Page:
California becomes fifth US state to allow euthanasia | Inquirer News

California becomes fifth US state to allow euthanasia

/ 08:26 AM October 06, 2015

Debbie Ziegler

In this Sept. 11, 2015 file photo, Debbie Ziegler, mother of Brittany Maynard, speaks to the media after the passage of legislation, which would allow terminally ill patients to legally end their lives, at the state Capitol in Sacramento, Calif. The measure to allow doctors to prescribe life-ending medication succeeded on its second attempt after the heavily publicized case of Maynard, the woman with brain cancer who moved to Oregon to legally take her life. California will become the fifth state in the nation to allow terminally ill patients to legally end their lives using doctor-prescribed drugs. AP Photo

LOS ANGELES, United States—California became the fifth US state to allow physician-assisted suicide, after the governor on Monday signed a controversial bill letting terminally-ill patients seek a doctor’s help ending their lives.

Governor Jerry Brown, in a statement, said he consulted members of the Catholic Church, which is opposed to measure, as well as physicians, before making the decision.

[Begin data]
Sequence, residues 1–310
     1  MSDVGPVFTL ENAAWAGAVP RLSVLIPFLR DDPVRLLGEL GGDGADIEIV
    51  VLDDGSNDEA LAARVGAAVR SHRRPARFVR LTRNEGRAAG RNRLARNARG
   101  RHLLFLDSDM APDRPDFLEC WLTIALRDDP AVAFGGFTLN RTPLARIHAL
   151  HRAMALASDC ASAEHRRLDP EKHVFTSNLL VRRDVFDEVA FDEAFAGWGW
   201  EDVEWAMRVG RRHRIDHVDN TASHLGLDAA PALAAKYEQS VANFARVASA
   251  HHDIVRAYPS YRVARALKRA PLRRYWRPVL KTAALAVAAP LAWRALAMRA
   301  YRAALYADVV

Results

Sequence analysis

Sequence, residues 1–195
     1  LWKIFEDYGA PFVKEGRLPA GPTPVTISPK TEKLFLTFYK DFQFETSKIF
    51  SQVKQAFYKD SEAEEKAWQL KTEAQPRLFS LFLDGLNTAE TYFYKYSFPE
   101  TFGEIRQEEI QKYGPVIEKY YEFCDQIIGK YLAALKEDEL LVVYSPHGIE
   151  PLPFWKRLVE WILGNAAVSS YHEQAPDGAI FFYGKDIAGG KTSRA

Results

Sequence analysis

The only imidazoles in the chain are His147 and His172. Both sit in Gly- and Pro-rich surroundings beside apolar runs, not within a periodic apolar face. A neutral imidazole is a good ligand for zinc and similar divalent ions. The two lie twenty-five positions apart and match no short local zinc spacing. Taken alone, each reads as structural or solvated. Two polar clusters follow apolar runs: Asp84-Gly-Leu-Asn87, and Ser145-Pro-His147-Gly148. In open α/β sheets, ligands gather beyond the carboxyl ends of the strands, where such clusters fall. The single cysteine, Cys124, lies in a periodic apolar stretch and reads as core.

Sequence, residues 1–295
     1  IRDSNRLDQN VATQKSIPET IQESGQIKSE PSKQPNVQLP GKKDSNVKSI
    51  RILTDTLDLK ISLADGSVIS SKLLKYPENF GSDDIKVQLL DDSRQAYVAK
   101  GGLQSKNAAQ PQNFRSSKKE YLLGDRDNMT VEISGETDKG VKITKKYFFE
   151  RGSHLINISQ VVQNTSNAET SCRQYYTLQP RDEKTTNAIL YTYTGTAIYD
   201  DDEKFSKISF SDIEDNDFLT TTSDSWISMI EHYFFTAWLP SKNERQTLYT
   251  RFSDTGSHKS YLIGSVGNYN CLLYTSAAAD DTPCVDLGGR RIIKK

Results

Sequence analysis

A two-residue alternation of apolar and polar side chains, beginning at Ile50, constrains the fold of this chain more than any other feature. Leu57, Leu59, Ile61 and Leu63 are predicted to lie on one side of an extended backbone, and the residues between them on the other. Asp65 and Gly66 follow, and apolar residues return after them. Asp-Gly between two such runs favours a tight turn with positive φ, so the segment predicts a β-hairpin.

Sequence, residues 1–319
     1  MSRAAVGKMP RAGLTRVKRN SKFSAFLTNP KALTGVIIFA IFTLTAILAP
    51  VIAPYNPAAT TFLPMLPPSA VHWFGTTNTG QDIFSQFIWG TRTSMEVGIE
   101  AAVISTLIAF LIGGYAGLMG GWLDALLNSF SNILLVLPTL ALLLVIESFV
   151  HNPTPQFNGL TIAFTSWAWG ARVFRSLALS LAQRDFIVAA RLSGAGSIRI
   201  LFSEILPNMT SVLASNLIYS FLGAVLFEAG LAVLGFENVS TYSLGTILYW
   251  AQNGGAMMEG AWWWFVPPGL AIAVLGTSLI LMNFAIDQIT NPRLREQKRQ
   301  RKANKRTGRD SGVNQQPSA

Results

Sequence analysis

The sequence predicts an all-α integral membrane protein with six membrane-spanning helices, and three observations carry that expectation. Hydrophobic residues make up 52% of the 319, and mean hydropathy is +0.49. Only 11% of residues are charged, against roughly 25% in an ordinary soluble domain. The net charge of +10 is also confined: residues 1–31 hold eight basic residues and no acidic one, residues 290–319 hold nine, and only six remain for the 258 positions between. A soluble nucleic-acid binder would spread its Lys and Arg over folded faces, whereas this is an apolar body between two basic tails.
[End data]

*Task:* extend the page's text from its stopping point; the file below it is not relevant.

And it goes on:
“In the end, I was left to reflect on what I would want in the face of my own death,” said the 77-year-old governor, who as a young man studied to enter the priesthood.


“I do not know what I would do if I were dying in prolonged and excruciating pain,” Brown said.

“I am certain, however, that it would be a comfort to be able to consider the options afforded by this bill,” he added.

“And I wouldn’t deny that right to others.”

READ: California lawmakers approve right-to-die legislation

The bill makes California the fifth US state to allow assisted suicide after Montana, Oregon, Washington and Vermont.

A New Mexico judge in 2014 approved assisted suicide, but his decision was later struck down by an appeals court.


Euthanasia has long been a controversial issue in the United States.

READ: Terminally ill US woman kills herself

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The topic was brought to the forefront in California by the case of Brittany Maynard, a 29-year-old with a brain tumor who moved from San Francisco to Oregon and took her own life last November.

TAGS: bill, Brittany Maynard, California, doctor, euthanasia, lives, Patients, State

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